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U.K. becomes first country to approve Pfizer vaccine, Trump discussed pardons for family and 'the most 2020 wedding'

'This has to stop': A Georgia election official lashed out at President Trump for not condemning violent threats against election workers.
A vial of the COVID-19 vaccine developed by Pfizer and BioNTech that has been approved for use in the U.K. and is expected to be rolled out next week. Pfizer / AP

Good morning, NBC News readers.

The U.K. has become the first country to approve a Covid-19 vaccine, President Donald Trump has discussed the possibility of pardons for his family and one Georgia official has had enough of Republican silence and failure to condemn threats of violence against election workers.

Here is what we're watching this Wednesday morning.

'Help is on its way': U.K. becomes first country to approve Covid vaccine, says rollout begins next week

The U.K. has become the first country to approve the use of the Pfizer and BioNTech Covid-19 vaccine, and says it will begin rolling it out next week.

"For so long we've been saying that if a vaccine is developed, then things will get better in 2021, and now we can say when this vaccine is rolled out things will get better," Health Secretary Matt Hancock said early Wednesday.

The vaccine was found to be 95 percent effective at preventing symptomatic Covid-19, the drugmaker said after clinical trials.

The pharmaceutical giant submitted an application to the Food and Drug Administration on Nov. 20 for an emergency use authorization in the U.S.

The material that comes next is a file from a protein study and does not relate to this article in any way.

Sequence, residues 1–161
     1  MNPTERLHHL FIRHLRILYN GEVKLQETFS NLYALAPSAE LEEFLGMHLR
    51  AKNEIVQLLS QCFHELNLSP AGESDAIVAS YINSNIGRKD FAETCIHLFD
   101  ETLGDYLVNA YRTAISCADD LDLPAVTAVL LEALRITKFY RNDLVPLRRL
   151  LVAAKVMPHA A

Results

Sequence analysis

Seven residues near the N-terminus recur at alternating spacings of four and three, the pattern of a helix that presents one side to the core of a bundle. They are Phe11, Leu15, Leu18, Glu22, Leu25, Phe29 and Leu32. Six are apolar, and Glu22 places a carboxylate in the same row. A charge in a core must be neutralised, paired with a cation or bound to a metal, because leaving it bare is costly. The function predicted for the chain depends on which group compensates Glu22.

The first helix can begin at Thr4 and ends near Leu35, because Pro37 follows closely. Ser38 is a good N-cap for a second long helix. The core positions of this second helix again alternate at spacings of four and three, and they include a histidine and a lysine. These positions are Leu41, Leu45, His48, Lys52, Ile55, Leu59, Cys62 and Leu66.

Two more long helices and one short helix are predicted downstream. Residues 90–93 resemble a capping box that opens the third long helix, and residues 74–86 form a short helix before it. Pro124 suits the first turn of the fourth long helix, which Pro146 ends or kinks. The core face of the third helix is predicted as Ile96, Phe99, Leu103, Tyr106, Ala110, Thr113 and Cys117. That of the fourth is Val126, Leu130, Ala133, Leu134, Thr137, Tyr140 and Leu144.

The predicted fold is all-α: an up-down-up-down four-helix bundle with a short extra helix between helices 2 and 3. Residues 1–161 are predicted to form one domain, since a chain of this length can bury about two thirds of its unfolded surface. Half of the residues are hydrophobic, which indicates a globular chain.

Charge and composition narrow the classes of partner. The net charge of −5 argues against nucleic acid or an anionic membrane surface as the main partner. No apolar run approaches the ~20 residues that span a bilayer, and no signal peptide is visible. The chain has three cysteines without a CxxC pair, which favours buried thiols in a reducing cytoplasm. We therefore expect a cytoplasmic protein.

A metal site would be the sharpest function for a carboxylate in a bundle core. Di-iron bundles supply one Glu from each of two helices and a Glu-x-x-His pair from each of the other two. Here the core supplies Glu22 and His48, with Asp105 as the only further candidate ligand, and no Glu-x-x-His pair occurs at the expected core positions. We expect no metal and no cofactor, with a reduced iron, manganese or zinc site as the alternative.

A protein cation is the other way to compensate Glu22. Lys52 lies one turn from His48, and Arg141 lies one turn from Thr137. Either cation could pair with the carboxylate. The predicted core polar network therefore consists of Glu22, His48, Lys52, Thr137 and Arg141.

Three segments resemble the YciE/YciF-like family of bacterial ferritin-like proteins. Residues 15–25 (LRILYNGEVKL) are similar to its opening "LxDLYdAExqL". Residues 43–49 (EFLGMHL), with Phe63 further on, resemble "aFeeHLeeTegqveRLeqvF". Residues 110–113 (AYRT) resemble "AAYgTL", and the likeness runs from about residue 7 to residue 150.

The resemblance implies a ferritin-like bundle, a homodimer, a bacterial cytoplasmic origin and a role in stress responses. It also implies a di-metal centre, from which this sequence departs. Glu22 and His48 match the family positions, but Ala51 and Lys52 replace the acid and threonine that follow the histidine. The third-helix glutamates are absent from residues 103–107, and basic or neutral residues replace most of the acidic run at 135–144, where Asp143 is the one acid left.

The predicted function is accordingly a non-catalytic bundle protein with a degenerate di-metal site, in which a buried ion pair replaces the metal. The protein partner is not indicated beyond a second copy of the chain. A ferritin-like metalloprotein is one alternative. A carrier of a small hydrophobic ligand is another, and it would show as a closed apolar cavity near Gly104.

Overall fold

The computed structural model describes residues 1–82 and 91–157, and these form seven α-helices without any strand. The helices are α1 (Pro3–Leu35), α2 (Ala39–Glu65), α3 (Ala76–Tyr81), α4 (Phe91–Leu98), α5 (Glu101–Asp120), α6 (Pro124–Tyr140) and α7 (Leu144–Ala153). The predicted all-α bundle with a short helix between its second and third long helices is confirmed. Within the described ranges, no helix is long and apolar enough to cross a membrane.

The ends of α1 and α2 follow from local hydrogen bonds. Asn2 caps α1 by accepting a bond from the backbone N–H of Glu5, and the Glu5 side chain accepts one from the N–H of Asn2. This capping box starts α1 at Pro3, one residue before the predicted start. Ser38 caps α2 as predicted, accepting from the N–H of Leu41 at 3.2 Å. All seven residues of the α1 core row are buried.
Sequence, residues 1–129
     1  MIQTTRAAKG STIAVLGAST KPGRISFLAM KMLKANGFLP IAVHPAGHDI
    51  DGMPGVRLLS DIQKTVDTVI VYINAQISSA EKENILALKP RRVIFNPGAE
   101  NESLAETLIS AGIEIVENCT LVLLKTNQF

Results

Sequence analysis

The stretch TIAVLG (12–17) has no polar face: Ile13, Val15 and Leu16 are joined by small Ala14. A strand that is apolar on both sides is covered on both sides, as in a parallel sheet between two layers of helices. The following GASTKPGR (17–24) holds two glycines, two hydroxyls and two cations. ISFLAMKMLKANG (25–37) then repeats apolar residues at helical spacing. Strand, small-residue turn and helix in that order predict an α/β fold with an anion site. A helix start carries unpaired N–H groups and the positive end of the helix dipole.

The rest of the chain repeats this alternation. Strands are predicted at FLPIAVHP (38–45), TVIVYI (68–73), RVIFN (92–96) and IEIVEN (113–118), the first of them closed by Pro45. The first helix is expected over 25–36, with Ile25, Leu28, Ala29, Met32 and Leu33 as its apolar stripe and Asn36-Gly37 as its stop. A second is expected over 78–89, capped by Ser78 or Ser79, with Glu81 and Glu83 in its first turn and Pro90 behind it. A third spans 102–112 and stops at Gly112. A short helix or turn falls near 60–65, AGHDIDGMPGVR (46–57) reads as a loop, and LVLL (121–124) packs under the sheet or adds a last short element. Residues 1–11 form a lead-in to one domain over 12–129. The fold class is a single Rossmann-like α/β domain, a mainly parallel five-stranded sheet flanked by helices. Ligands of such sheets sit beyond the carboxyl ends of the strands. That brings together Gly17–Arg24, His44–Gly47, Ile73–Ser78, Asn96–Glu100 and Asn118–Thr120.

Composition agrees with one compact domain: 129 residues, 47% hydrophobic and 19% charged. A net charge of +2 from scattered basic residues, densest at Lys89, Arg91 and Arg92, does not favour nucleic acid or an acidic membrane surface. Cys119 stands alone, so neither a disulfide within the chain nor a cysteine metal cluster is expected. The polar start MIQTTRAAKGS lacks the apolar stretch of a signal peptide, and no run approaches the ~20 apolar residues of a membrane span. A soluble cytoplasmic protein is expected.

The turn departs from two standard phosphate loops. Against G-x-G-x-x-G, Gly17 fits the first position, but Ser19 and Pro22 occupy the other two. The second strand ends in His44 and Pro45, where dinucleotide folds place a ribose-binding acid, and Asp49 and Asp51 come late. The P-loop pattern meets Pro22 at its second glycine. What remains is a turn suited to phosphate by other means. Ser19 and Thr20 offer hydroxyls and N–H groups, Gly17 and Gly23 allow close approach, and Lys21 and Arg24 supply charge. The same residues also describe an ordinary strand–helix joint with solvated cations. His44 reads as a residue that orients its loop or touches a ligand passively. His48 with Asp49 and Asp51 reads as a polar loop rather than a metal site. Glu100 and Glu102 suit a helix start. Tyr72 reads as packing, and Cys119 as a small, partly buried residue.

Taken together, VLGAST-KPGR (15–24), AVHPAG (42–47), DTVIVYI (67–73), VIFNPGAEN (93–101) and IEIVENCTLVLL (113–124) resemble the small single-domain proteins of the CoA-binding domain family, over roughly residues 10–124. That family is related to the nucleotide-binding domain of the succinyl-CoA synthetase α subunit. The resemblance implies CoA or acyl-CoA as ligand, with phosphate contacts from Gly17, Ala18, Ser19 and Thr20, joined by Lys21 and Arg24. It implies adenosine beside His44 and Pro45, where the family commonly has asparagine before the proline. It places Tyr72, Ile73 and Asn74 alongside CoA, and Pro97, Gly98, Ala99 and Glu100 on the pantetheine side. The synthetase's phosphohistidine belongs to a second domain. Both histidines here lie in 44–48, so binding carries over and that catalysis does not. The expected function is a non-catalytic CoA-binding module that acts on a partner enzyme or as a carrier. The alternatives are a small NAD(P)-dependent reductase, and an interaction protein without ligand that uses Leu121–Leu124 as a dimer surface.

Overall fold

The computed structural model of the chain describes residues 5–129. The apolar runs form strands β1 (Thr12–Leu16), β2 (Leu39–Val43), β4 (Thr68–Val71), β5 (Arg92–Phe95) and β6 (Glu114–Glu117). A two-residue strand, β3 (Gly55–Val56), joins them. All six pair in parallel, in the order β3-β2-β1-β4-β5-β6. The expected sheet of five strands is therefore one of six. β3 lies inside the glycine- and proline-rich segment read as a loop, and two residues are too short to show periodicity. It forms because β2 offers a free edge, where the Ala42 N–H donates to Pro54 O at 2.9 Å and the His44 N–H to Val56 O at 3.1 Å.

While the first Covid vaccines are still awaiting approval in the U.S., an independent advisory committee within the Centers for Disease Control and Prevention is already working on the list of who should be first in line once they become available.

Health care personnel and residents of long-term care facilities should be the first groups to be offered the vaccine, according to the proposal. Combined, those groups represent around 24 million Americans.

With infections surging — the U.S. is fast approaching 14 million confirmed cases and the virus has killed more than 271,000 in the country — a vaccine can't come soon enough.

The 911 system in the U.S. is "at a breaking point," after receiving little Covid aid, ambulance companies say.

Private EMS services collectively received $350 million in Covid-19 relief funds in April, but those companies said that money ran out within weeks.

Now as they face another coronavirus surge, many private EMS services don't know how they are going to make it.

And hospitals in a slew of states — from Indiana to Minnesota and Texas — are running out of space, overwhelmed by the number of coronavirus patients they have coming in.

Indiana's Elkhart General Hospital was forced to stop accepting ambulance traffic for a full seven hours one day last week because it was so over-capacity. It was only the second time in 20 years that Elkhart General had to make that call.

"This is exactly why we were adamant about masks and flattening the curve. This is the situation that we wanted to avoid," said Dr. Michelle Bache, the vice president of medical affairs at the hospital.

Follow our live blog for all the latest Covid-19 developments.

Trump has discussed possible pardons for family members, sources say

President Donald Trump has been discussing the possibility of issuing pardons for his family members and some close associates, multiple sources familiar with the matter told NBC News.